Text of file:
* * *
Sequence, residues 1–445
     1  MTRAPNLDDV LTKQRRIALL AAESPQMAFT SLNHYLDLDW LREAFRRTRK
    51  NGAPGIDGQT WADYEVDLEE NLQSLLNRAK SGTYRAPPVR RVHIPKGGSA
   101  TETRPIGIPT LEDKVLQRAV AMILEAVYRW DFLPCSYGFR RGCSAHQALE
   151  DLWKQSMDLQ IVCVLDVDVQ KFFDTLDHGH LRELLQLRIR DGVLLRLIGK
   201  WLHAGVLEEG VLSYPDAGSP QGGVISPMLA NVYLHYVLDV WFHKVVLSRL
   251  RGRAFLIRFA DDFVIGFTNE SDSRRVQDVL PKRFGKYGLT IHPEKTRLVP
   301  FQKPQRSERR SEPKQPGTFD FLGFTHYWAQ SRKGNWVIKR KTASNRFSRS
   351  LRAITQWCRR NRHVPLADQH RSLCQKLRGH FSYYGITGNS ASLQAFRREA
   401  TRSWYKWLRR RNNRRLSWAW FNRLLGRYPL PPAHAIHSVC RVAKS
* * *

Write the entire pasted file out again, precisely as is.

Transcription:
Sequence, residues 1–445
     1  MTRAPNLDDV LTKQRRIALL AAESPQMAFT SLNHYLDLDW LREAFRRTRK
    51  NGAPGIDGQT WADYEVDLEE NLQSLLNRAK SGTYRAPPVR RVHIPKGGSA
   101  TETRPIGIPT LEDKVLQRAV AMILEAVYRW DFLPCSYGFR RGCSAHQALE
   151  DLWKQSMDLQ IVCVLDVDVQ KFFDTLDHGH LRELLQLRIR DGVLLRLIGK
   201  WLHAGVLEEG VLSYPDAGSP QGGVISPMLA NVYLHYVLDV WFHKVVLSRL
   251  RGRAFLIRFA DDFVIGFTNE SDSRRVQDVL PKRFGKYGLT IHPEKTRLVP
   301  FQKPQRSERR SEPKQPGTFD FLGFTHYWAQ SRKGNWVIKR KTASNRFSRS
   351  LRAITQWCRR NRHVPLADQH RSLCQKLRGH FSYYGITGNS ASLQAFRREA
   401  TRSWYKWLRR RNNRRLSWAW FNRLLGRYPL PPAHAIHSVC RVAKS